Lessons Learned from Past, Present and Future Festivals

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As our thoughts turn to preparing for upcoming festival performances, we must remember that this is all about students attaining full facility of the skills required to become independent music-makers within the framework of the ensemble.

To borrow from "A Christmas Carol," Charles Dickens' famous holiday tale, let's focus on festivals past, present and future.

Festivals Past

All performances reflect the skills taught up to that point in time. In fact, festivals are the very definition of a "performance assessment." Ensembles that demonstrate quality tone production do so because they learned the techniques required to produce that sound consistently. Those that play with proper blend and balance have been taught how to make appropriate adjustments by way of their acquired listening skills. 

So why do we still hear festival performances where students do not demonstrate these qualities? Is the music too difficult? Is the director still working on developing his pedagogical bag of tricks? What can be done to ensure a more musical and impactful performance?

Festivals Present

The most memorable performances occur when our students are completely prepared and all that remains is to enjoy the moment. What does this mean for the director?

Directors must prepare students to perform with absolute confidence as individuals and as members of the ensemble. In other words, students know that they are ready because they already own it!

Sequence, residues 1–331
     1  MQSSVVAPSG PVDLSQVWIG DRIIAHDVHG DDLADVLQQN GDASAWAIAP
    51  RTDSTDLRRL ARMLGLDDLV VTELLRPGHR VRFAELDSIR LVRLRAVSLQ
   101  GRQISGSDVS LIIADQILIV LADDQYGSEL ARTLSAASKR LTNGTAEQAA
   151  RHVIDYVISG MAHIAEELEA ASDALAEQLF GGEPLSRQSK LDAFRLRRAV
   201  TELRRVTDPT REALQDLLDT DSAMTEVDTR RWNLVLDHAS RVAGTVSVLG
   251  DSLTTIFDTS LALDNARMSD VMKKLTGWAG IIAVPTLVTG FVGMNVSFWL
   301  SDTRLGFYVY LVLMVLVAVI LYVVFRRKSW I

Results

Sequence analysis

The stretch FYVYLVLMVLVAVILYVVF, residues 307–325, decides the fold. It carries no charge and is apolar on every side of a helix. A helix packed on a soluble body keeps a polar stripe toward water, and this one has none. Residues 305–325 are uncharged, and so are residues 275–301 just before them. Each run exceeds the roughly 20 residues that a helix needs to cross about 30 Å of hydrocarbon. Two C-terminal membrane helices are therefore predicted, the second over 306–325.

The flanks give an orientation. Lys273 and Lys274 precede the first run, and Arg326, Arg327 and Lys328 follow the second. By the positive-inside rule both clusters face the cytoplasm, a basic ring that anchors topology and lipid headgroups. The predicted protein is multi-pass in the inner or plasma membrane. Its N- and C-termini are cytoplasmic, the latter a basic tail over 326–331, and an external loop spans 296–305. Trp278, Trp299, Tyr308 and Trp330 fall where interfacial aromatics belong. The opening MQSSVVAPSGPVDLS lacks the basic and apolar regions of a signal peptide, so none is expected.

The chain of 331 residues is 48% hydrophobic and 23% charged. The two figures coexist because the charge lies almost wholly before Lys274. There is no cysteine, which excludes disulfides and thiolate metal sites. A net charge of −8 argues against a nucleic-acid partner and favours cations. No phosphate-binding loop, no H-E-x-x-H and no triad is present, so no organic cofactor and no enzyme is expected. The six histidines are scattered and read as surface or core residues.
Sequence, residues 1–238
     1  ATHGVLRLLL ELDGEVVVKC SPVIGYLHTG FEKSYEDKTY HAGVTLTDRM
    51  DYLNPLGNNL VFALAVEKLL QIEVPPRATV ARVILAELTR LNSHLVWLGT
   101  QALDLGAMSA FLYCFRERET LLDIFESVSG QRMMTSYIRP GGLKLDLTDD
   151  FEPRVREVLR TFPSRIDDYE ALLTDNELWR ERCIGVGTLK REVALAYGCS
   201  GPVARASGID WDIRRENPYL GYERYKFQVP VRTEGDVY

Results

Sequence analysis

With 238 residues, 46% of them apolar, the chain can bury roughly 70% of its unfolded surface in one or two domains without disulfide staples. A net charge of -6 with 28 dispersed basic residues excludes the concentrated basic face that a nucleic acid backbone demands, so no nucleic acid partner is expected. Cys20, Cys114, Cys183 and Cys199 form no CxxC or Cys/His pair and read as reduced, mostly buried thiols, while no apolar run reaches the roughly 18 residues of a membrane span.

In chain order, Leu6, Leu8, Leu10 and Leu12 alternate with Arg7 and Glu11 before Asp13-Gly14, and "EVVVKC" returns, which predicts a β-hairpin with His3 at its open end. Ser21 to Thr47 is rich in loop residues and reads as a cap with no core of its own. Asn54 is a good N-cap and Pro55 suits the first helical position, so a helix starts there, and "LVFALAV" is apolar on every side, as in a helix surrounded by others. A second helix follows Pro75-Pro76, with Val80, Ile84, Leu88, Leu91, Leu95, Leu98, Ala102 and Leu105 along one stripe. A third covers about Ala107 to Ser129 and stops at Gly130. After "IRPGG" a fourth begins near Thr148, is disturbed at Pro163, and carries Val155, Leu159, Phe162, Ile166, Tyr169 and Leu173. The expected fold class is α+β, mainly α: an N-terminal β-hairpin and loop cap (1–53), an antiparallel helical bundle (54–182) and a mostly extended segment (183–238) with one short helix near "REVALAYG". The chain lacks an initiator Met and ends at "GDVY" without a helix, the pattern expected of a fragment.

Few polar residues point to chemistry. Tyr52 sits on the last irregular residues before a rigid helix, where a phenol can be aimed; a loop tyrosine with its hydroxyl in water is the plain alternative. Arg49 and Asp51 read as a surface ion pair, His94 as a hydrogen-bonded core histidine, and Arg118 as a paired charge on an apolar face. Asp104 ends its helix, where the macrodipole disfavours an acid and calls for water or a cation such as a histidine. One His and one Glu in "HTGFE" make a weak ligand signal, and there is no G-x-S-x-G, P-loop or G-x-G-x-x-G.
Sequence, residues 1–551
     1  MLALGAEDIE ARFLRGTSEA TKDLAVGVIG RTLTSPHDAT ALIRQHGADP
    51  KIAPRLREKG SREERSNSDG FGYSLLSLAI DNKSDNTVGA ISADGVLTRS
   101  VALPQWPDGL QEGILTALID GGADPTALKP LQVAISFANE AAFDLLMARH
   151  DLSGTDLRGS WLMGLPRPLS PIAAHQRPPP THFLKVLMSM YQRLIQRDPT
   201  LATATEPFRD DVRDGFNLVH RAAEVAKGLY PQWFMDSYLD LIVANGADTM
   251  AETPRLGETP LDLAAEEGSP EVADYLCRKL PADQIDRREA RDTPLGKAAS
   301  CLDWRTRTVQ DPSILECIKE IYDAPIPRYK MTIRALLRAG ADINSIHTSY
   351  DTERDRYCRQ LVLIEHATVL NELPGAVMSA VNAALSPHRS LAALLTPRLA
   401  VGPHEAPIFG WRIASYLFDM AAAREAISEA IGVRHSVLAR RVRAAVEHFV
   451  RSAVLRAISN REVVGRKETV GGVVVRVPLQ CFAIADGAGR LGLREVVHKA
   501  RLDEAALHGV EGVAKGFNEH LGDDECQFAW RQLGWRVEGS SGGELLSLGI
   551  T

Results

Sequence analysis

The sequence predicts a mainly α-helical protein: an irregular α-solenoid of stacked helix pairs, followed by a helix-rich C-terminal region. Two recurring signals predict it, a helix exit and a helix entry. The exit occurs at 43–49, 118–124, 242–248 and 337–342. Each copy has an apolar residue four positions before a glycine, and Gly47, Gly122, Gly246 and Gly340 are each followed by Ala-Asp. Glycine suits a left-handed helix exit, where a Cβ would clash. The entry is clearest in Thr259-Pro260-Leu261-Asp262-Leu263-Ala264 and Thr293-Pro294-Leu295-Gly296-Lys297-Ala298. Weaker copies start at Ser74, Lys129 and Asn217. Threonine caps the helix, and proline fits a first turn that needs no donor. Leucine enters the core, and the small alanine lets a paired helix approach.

The festival performance should bring fulfillment to our students as music-makers and joy to the audience as the beneficiaries of an inspirational performance.

Festivals Future

The best directors continually improve their teaching skills to provide their students and future students with more comprehensive and enriching musical experiences. Whether competitive or not, adjudicated performances provide us with just this type of helpful assessment.

The festival assessment can serve as a prescription to help identify our own professional development needs and set the course for learning strategies that will result in higher quality performances in the future.

With musical growth comes a deeper understanding, commitment and passion for the art of producing the pinnacle performance and this is our target — music-making at the highest level. 

Photo by Manuel Nägeli on Unsplash

This article originally appeared in the 2017 V4 issue of Yamaha SupportED. To see more back issues, find out about Yamaha resources for music educators, or sign up to be notified when the next issue is available, click here.

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